Reviewed February 1, 2014 by Matt Longabucco.
“The writer invents assemblages starting from assemblages which have invented him, he makes one multiplicity pass into another.”
Towards the end of his long poem “The Squeakquel,” Dana Ward, considering his own trajectory alongside that of Alvin, Simon, and Theodore, realizes that as he approaches the end of both poem and book, his second (The Crisis of Infinite Worlds), he is going to have to find a way to strike a note of “existential uncertainty” rather than reach “too happy an ending.” The reason, he guesses, is that he is writing a trilogy, a structure well known for putting impossible pressure on second volumes that too often find themselves trapped playing out the initial conditions they inherit, and therefore existing in self-imposed exile from the kind of non-linear time and non-narrative expectations that often let a first installment surprise us. Now, committed in some respects to a set of concerns and strategies, the trilogy (if there really is one), seems already sealed up by its own expectation: “Sometimes I sit in the chair that faces one of our bookshelves & look at the box set of Proust, all silver & tall, & it’s like staring at the Twin Towers except there are three of them, sitting there, waiting to be cracked.” Ward loves Proust, but his identification of novels with doomed towers encapsulates perfectly the way in which the latter’s destruction remains a fraught and still-unsayable emblem of not just human tragedy but also a turning away from capitalist triumphalism only a lunatic couldn’t in some sense recognize as necessary. Grand gestures beg fitting ends.
If these three books are a trilogy—if it’s worth thinking of them that way—that’s partly for the simple reason that Ward has written them in relatively quick succession and that they simultaneously trace literal arcs while enacting an intellectual adventure of great compression and scope. Literally, This Can’t Be Life contains a pregnancy; The Crisis of Infinite Worlds a birth; Some Other Deaths of Bas Jan Ader a seeming-offhand entry into bureaucratic personhood for Ward’s daughter (the poem begins with a trip to get a copy of her birth certificate to establish her as a dependent for an employer’s records). This mundane/miraculous progression doesn’t really matter (they’re not “domestic”), and yet it totally does (they are domestic, or forget the stupid category already). What the books, considered as a trilogy, really offer is a larger sense of courage, the courage to boast (sure) and declare love for the world but then, also, to have to actually love it in all its true and truly chaotic becoming and persisting.
That’s an ambitious project, a Romantic one, even, and Ward is a Romantic, in a time when the old dream got seductive again: new century, new drugs, ascendant feminism, the internet, hip hop—a fullness almost there for the taking, with failure of course guaranteed. Ward, besotted with connection and completion, permeable and hyper, stretches almost to burst while he waits for his wife to go into labor at Christmastime:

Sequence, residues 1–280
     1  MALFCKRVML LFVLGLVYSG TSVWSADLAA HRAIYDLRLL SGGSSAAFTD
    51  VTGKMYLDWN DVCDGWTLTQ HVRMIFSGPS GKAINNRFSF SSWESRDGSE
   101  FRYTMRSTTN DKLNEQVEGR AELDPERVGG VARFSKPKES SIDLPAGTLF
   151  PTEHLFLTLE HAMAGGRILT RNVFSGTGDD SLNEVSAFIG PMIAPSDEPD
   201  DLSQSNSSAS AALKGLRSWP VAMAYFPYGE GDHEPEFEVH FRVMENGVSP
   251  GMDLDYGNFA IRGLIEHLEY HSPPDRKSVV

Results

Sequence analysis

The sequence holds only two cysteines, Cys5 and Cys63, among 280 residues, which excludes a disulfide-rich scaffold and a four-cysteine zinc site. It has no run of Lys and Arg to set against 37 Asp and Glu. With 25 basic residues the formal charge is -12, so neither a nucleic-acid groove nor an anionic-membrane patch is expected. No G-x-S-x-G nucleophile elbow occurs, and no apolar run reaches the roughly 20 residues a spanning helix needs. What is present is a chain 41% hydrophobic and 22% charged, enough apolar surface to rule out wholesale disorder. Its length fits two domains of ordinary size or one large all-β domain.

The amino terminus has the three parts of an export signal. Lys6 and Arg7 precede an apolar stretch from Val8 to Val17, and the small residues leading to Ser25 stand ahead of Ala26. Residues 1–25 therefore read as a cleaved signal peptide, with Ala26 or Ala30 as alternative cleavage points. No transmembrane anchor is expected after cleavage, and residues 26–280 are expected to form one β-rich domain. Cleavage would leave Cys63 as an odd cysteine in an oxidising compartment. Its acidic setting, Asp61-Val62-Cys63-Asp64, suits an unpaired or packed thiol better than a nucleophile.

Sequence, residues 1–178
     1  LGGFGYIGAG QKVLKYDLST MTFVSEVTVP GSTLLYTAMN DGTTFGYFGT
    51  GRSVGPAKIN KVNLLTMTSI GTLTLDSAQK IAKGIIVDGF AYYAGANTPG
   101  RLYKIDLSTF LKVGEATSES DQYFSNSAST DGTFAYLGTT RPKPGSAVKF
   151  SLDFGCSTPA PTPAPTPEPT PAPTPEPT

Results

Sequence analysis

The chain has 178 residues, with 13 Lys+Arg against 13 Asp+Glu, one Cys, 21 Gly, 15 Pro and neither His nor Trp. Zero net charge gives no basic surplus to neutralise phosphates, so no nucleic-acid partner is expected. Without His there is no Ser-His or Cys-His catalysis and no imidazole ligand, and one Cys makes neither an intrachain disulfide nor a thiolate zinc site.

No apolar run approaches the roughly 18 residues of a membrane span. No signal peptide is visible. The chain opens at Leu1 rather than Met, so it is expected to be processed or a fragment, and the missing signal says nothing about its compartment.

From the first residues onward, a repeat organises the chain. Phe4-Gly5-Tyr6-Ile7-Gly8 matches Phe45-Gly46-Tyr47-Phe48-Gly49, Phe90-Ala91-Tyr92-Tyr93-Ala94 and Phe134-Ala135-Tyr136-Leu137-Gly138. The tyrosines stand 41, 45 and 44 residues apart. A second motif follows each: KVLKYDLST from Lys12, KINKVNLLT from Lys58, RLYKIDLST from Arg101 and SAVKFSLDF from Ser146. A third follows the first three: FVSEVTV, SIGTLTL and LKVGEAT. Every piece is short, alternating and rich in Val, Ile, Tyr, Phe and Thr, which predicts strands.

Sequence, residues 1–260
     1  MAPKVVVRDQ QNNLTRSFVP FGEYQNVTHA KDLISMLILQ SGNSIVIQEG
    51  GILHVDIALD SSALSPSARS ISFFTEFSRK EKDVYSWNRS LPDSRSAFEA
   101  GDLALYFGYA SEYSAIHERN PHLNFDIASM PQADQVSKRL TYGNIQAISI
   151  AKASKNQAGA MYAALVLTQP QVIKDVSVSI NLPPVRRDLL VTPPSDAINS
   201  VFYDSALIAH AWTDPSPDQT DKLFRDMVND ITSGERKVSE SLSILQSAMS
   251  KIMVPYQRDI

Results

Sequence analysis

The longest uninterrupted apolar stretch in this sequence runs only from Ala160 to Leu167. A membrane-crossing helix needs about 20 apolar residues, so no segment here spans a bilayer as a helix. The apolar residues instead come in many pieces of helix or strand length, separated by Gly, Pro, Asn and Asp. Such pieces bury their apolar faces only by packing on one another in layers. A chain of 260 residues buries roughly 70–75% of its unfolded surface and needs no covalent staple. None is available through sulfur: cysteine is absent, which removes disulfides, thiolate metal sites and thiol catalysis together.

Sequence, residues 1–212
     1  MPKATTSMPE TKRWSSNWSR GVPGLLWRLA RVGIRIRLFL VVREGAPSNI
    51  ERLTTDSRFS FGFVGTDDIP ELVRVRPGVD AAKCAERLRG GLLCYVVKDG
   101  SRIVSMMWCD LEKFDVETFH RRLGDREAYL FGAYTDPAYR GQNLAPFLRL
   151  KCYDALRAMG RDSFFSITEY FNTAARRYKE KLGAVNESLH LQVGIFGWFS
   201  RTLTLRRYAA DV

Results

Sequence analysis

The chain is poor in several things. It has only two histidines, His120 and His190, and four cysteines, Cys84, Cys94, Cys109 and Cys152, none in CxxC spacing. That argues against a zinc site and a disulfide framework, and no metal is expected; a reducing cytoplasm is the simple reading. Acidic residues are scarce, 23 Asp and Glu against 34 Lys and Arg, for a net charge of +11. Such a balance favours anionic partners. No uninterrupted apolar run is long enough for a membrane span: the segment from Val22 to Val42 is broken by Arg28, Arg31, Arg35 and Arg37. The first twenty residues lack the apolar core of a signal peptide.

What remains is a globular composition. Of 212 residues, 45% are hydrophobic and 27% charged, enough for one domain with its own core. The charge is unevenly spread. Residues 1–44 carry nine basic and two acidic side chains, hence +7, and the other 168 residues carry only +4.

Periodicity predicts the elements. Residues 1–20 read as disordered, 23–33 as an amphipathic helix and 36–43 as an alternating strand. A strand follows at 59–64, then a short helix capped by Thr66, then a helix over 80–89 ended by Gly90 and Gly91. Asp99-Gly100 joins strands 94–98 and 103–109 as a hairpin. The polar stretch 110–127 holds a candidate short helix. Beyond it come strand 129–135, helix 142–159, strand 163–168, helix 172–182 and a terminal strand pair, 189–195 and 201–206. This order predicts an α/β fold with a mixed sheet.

I went outside, smoked again, continued to erode. Where did I think I was going? This feeling of disappearing scared me. My mind was evanescing, turning from armor to ball gown, from ball gown to sun dress, from sun dress to t-shirt then a sock that caught fire and sizzled away, leaving only enervating smoke that circulated fitfully between all extant worlds. I went back inside to find Sarah watching TV. She asked me to sit down and watch with her awhile. The Wizard of Oz was on. I watched for a moment or two & felt canceled by its utter completeness. It seemed, at some level, to include, through implication or appearance, all of reality.
I love that word, “canceled,” with its echoes of television-schedule calamity or numismatic melancholy that threaten the inability to keep making meaning through show or letter, art or friendship. Yet Ward’s communities buoy his sense of the multifarious possible: if one poet can articulate all this, what might all the poets do? Meaning piles high, between us, as it simultaneously accumulates in objects, and Ward doesn’t panic, though he sometimes needs a smoke. His favorite texts are all overdetermined ones. Elsewhere, considering “Over the Rainbow”:
I started thinking about how the producers of The Wizard of Oz tried to excise Judy Garland’s rendition. The song was too big & operatic for her. She was supposed to be playing a child after all the role of Dorothy had been marked for Shirley Temple. They said the song was ridiculous, both too hopeful & too maudlin, it made the story drag, created narrative distortion, blemished Dorothy’s phony innocence, exhausted allegorical resource by calling forth a place that is decidedly more wonderful than Oz.
But what’s wrong with blemishing phony innocence? (Disfigure it!) And why be afraid of exhausting allegorical resource, of letting there be both Oz and the land over the rainbow? (You can’t exhaust it.) And why should DC comics create their series, Crisis on Infinite Earths, with the express purpose of clearing out decades worth of storylines and characters that had become so byzantine the writers had been obliged to invent parallel dimensions and timelines even the most avid fan couldn’t keep straight? Why, even, be afraid of a bedbug infestation in one’s hospital room, despite or because of new baby in hand?
I had a romantic epiphany about the bedbugs. I thought of them as angels who incarnated the void. They were determined to perform the abyssal core we can’t seem to embrace or assuage, despite our efforts. They were a formalized episteme of nothingness for me. They could devour the scene of one’s life but their necrotic feeding didn’t even offer the sacrificial permanence of scarring, or the viral horror of blood borne disease. They were the ‘spirit that lives only to nag’, new love endowed with apocalyptic powers. Every part of me admitted them because they seemed so clear & so outside the loops of cheap affection. I needed this absurd love, total & complete, free of all finesse & delectation.